PSREC begins experimental 'white space' program

Diana Jorgenson
Portola Editor

There are a limited number of frequencies available in airwaves, and what to do with them is the concern of the Federal Communications Commission. Currently, the FCC is considering usages for the UHF/VHF band left vacant with television’s transition to digital.

Plumas Sierra Rural Electric Cooperative’s Lori Rice, chief operating officer for the Communications Division, would like to see “white spaces (named for the “snow” screen that shows up on television when there is no station assigned to that channel) used for rural areas. Originally, she said, UHF was meant to benefit rural areas and she would like to see it continue — albeit, for entirely new uses.


The FCC is considering a number of alternative, and probably multiple, uses for these remaining frequencies and hopes to reach a decision as to appropriate usages later this summer.

In the meantime, a number of experimental licenses have been issued to study potential uses and PSREC has one of them. The local cooperative is one of the first in the nation to begin trial implementation of a “smart grid” wireless network trial.

The trial is in partnership with Spectrum Bridge Inc., a Florida company that services wireless service providers and equipment manufacturers. Spectrum Bridge’s database technology underlies the white spaces trial network and allows it to operate without causing interference to television stations.

PSREC is using the bandwidth technology to communicate with several of its electrical substations along Highway 70. Using the white space frequency allows PSREC to access substation data, manage power flow and protect the system while maintaining the local grid.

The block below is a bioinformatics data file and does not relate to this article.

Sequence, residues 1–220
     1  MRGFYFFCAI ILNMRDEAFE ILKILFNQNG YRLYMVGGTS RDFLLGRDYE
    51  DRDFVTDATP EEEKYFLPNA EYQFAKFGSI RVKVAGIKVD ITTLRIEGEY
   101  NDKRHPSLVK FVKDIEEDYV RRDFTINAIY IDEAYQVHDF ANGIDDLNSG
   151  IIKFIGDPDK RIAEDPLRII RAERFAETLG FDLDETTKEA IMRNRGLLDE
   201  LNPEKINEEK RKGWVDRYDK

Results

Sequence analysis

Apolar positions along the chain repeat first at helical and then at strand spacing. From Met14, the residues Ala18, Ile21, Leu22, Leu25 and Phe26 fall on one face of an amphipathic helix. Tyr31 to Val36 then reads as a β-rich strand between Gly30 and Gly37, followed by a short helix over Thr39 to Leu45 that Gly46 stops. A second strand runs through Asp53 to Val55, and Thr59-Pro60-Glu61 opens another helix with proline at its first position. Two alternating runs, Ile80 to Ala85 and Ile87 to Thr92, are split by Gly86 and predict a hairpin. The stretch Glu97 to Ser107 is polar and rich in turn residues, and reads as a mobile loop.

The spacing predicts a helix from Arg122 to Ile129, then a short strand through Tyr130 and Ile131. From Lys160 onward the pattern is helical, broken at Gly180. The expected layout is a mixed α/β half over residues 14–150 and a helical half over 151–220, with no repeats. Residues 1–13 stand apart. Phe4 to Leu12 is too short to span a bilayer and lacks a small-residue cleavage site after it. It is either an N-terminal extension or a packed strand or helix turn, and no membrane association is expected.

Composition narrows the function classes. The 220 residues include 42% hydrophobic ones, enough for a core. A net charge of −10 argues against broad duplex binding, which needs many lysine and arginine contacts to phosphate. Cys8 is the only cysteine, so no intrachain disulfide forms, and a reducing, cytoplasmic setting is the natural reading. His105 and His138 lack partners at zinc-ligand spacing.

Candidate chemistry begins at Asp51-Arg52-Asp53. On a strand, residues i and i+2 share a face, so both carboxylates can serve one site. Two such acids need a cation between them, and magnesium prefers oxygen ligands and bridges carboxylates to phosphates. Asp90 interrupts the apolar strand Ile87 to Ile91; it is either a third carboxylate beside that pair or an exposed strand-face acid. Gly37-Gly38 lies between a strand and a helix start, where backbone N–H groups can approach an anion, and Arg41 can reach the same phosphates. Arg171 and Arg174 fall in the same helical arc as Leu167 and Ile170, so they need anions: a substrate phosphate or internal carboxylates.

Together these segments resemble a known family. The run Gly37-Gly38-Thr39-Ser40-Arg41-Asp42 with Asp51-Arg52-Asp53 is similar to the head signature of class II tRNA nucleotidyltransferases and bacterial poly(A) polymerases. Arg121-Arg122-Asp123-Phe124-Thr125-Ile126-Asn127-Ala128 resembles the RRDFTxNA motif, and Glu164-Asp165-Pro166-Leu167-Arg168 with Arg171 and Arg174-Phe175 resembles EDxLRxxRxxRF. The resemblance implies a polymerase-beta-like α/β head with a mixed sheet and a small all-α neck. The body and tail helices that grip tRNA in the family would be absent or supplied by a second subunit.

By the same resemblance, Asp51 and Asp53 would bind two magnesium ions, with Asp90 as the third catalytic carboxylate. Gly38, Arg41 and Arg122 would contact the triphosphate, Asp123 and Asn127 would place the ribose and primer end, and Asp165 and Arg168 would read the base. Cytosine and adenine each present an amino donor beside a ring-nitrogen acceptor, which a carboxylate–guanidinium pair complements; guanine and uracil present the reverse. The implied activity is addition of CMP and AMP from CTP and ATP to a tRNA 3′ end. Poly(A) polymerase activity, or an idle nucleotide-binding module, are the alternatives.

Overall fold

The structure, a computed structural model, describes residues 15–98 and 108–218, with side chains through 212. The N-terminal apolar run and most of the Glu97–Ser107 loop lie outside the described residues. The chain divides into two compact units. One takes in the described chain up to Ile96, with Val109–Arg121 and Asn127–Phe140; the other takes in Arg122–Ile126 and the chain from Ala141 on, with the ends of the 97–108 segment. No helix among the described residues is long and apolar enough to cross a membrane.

PSREC and Spectrum are also testing a couple of houses in the Cromberg area for Internet capabilities from the trial wireless network. Future usage of white space frequencies includes the ability to provide high-speed Internet in areas not currently served because of mountain terrain and tree density.

Rice explained, “Plumas, Lassen and Sierra counties are located in the Sierra Nevada and present some very technical challenges with respect to wireless coverage. The ability to use white space has proven to be an effective option for dealing with difficult terrain and offers another option for wireless connectivity.”

Although not part of the current testing, the possibility exists to network PSREC’s current Internet offerings and even out loads and usage, thereby increasing effectiveness as well, said Neeraj Srivastava, Spectrum Bridge vice president in the Business Division

The experiment with PSREC, implemented in June, is the third white space experiment put into motion. The first started in September 2009 in Claudville, Va., and was designed to utilize white space frequencies to supply broadband Internet to the residents in a town that only had dial-up service until that point.

The second Spectrum Bridge experiment was with the city of Wilmington in North Carolina, which is using the technology to monitor infrastructure, remotely read devices to monitor water quality, for security cameras at city parks and playgrounds, and whatever else the city can think of.

The city used to send a guy out in a boat once a week to pick up the readings, Srivastava explained, but now it can read them remotely and in real time.

The PSREC experiment is the third. In addition to managing usage of its electrical grid, the co-op looks to white space technology to fill in those pockets that are difficult to service with other Internet technology, said Rice. “That’s where it will shine.”

The experiment has one other element, in partnership with Google Inc. Using Google’s PowerMeter technology, consumers can measure their electrical usage and even monitor detailed energy consumption remotely, online.

“This project demonstrates the incredible potential of this spectrum to revolutionize not only wireless communications but also rural energy,” said Rick Needham, director of Green Business Operations at Google.

The license to conduct the experiment does not guarantee PSREC will operate the frequency on anything other than an experimental basis, nor does it imply the FCC is obligated to make any provisions for continuing the project, but it does ensure PSREC has input into the FCC’s deliberations this summer.

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